As Marketplace Manager Ben Spradling and I entered the hotel
in Bellevue for the 2019 DECA conference our ears heard the excitement way
before we got to our booth. The pounding
music from the latest techno band, which I didn’t recognize since I am in my 40s,
built excitement for a day filled with meetings, business pitches and seminars.
The DECA organization (Distributive Education Clubs of America) was founded in
1947, fosters and empowers emerging leaders by preparing students for careers
in finance, marketing, hospitality and management. We could feel (and hear) the energy
throughout the hallways of this multilevel hotel in the heart of Bellevue. This wasn’t my first year at the conference
and it was great to see the interactions of the students, teachers and
organizers. How much these future
business owners already know continues to surprise me, along with their eagerness
to discover a world of business that is just opening for these students.
The attendees set up their booths and we rubbed shoulders with
the likes of the Seattle Mariners, several universities from across the state
and of course Better Business Bureau Northwest and Pacific. Each student approached the booth with the
same question. What is the Better Business
Bureau? My coworker Ben Spradling and I
fielded questions and answers throughout the morning, and we got a very common
answer. “You guys are important.” We were thrilled to hear so much interest in
the theme “Trust”. It was great to hear
that it’s not just important to us but also to the future leaders of the world.
How do you get the next generation to understand and care
about ethics? Do you bribe them? (Okay that’s
the wrong tactic.) Show celebrities who understand what it is? I found that simply talking with them and really
hearing what they had to say was the most effective. I decided long before the presentation that I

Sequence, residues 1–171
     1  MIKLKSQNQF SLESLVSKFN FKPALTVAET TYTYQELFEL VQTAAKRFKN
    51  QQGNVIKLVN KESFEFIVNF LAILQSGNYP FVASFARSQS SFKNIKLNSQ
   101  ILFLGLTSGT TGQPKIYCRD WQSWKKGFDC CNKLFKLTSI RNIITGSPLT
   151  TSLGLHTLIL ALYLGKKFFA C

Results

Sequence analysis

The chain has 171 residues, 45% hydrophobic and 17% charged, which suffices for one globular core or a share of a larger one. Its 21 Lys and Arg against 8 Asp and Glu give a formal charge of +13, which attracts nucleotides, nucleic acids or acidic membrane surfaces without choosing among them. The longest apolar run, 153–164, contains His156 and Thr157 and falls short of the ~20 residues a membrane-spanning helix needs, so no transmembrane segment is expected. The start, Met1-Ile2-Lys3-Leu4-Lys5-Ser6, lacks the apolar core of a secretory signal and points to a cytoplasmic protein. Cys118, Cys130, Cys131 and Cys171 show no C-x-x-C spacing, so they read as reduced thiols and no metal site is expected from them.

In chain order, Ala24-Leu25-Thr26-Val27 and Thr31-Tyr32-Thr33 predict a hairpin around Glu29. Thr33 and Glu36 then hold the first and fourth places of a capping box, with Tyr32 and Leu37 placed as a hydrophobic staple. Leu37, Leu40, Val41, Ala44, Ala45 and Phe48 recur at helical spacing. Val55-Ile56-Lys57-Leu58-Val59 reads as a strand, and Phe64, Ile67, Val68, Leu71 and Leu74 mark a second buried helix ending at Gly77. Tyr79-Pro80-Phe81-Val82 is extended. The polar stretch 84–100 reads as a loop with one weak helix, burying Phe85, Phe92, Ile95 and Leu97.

needed to dig deep. Ethics could seem
like a dry subject, but I was up to the challenge.
We began with real-life ethical scenarios based on the
Better Business Bureau’s Standards of Trust.
In each scenario students gathered in groups to discuss and decide on
each standard whether they were ethical.
As I revealed each situation, I could see that even the teachers were
interested in the ethical dilemmas. I was pleasantly surprised and
shocked. As soon as the students were in
their groups and understood my ask the buzz around the room was audible. Agreements and disagreements were thrown
around like posts on Instagram. They had
five minutes for discussion, then we’d have a group share. Each group
respectfully offered their answers and the reason why they believed it was the
ethical decision. Once one group share was finished, they were all hungry for
the next ethical challenge. We only managed to get through three of the
Standards of Trust before our time ran out.
At the end of the day, we began breaking down the BBBNW+P booth
and the final stragglers asked us the last few questions of the day. We met a
lot of future entrepreneurs who will likely help reshape the world in which we
live. I am excited to see what businesses they will build in the future. Next year, we will see more futurepreneurs
and, just like this conference, I’m sure they’ll bring ideas of things we’d
never have thought of on our own and open our eyes as much as a new and bigger
world opens theirs.